Sunday, September 26, 2004
Most 10th birthday parties consist of a few guests, cake and maybe a creepy clown. The Lawrence ArtWalk, an annual self-guided tour of area art studios, will have a celebration that lasts three weeks and includes hundreds of artists and visitors.
John Wysocki, ArtWalk director, wanted to make sure the event got the party it deserved. The ArtWalk is unique because the public has a chance to interact with artists in their creative environments, Wysocki said. He has run the event since he co-organized the second ArtWalk with Sarah Oblinger in 1996.
"It takes more and more time each year," Wysocki said, "but this year I've made a conscious effort to play up the fact that it's the 10th anniversary."
One of the changes Wysocki instituted for the anniversary is a preview exhibition for the public to view examples of artists' work before the actual event. The exhibition kicks off with a public reception at 6 p.m. Saturday at Ad Astra Galleria, 205 W. Eighth St. The party will feature a retrospective of promotional items from years past, food catered by Pachamama's and live music by folk-rock band Uncle Dirty Toes.
The exhibition will be open through the ArtWalk, which takes place 10 a.m. to 6 p.m. Oct. 23 and noon to 6 p.m. Oct. 24.
This year, galleries have been taken off of the ArtWalk. Instead, the businesses will feature their artists during the regular Downtown Gallery Walk, scheduled for the Friday evening before the weekend tour. About a dozen galleries will have opening receptions from 7 p.m. to 9 p.m. Oct. 22. Wysocki said emphasizing solo artists on the actual ArtWalk gave the event a more intimate atmosphere.
The first event, which Lawrence artist Diana Dunkley and Raven Bookstore co-owner Pat Kehde started in 1995, featured 24 participants, which were mostly downtown galleries. Nine years later, more than 90 primarily solo artists will exhibit their works at 41 locations in and around Lawrence.
"People love this event because they get to see everybody's studios," Dunkley said. "They are always asking when the ArtWalk's going to be. John has done a terrific job marketing it."
- 6pm :: Lawrence ArtWalk 2004 Preview Exhibition
- more info
One of Wysocki's marketing strategies is to involve local businesses. In the first year, only a few businesses bought ads on the 8-by-11-inch guide map. The ArtWalk now enjoys full sponsorship, allowing for a 64-page guidebook packed with information. The comprehensive guidebook will cost money for the first time this year, but the map is still free.
Because the event has grown so much since the first ArtWalk, driving has become necessary. To accommodate visitors without cars, Wysocki created another change for this year's event. Most galleries are directly on the bus route or a couple blocks away from a stop, so Wysocki convinced the city of Lawrence to make the Saturday of the ArtWalk a free ridership day for the T, the city's bus system.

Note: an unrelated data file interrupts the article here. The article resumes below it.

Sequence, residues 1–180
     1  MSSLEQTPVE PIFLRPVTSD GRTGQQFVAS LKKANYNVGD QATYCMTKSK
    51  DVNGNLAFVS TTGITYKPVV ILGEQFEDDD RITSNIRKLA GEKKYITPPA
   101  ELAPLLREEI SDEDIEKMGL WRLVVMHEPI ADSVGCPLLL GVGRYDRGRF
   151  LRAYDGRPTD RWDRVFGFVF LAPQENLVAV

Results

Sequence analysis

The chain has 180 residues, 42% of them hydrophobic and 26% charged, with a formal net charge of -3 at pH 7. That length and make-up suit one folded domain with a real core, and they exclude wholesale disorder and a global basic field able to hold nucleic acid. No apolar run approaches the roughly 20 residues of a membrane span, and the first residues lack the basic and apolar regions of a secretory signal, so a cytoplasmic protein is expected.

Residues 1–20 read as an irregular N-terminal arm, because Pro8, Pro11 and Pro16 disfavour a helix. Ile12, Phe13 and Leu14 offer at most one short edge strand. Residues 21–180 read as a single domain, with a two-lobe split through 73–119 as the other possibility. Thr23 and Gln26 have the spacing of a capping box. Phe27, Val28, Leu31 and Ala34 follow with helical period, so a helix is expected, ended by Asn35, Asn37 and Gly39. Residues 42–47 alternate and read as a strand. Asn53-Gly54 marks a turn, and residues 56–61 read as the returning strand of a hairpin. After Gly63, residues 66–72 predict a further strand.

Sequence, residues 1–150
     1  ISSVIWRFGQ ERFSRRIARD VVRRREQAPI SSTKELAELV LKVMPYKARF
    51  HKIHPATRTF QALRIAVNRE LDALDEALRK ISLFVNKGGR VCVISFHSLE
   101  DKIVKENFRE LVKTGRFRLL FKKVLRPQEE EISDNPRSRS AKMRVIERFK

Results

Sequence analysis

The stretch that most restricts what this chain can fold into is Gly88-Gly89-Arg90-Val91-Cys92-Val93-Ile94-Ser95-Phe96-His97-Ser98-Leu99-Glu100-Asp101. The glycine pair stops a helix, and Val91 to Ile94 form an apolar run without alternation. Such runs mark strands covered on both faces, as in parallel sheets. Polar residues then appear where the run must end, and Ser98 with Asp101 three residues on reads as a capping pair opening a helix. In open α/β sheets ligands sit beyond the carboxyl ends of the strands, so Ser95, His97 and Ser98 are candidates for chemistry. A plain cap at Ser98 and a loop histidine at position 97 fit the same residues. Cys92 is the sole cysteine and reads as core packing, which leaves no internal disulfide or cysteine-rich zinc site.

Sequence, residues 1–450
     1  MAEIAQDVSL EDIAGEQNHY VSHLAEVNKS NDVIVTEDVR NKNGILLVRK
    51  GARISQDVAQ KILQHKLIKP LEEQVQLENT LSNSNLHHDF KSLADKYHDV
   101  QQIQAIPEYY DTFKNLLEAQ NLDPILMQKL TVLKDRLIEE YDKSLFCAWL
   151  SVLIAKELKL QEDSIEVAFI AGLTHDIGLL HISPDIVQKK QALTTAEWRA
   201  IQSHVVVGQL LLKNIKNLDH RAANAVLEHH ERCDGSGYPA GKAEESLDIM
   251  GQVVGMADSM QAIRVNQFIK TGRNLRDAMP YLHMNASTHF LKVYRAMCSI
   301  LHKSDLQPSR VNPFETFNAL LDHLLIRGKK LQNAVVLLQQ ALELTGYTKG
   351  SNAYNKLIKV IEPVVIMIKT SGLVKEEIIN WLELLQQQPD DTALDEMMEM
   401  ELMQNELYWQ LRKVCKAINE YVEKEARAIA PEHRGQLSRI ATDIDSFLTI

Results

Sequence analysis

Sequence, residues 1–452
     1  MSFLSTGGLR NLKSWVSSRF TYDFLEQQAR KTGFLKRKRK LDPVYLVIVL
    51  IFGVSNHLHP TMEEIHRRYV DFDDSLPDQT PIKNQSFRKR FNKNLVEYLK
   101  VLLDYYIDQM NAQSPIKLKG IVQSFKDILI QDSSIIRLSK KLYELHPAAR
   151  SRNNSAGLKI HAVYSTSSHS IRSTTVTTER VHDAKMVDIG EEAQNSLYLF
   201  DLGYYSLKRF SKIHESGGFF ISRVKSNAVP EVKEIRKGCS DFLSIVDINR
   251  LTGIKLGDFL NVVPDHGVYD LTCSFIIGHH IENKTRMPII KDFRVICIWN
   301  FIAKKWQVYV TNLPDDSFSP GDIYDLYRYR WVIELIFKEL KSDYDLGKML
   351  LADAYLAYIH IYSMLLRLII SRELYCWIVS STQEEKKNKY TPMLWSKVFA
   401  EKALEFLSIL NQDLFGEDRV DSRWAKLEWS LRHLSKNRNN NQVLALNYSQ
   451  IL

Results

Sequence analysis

"You could walk the whole route," Wysocki said, "but it might take you the entire weekend, so I saw the T as a natural complement."
Art as attitude
After learning about the business side of art through his experiences with the ArtWalk, Wysocki has decided to make marketing a career. He recently started his own company, ARTful Marketing.
It might seem like a big change, but Wysocki said art and marketing go well together. A graphic image can stick in a person's mind much easier than just a name or words alone, he said.
This is not the first time he has changed careers. Wysocki, who is from London, came to this country as an architecture exchange student. He decided to stay and earn his master's degree from Kansas University.
"The program was supposed to last 18 months," Wysocki said. "It has lasted 28 years."
Just before he received his license to work professionally as an architect, Wysocki decided his calling was to be a professional photographer. He worked shooting architecture and weddings. He said his watercolor paintings influenced his personal photography, which blur the line between photography and abstraction.
Although art always has been part of his life, Wysocki said being an artist had more to do with a way of life.
"I'm an artist, not just somebody who paints pretty colors on a canvas," he said. "That's the least of it. It's more about an attitude and a philosophy."
Dunkley said Wysocki's enthusiastic attitude was one reason the ArtWalk had been so successful in a city that knows its art.
"It's an incredible thing for the artistic community," Dunkley said. "I couldn't even begin to tell you how much work he's put into this."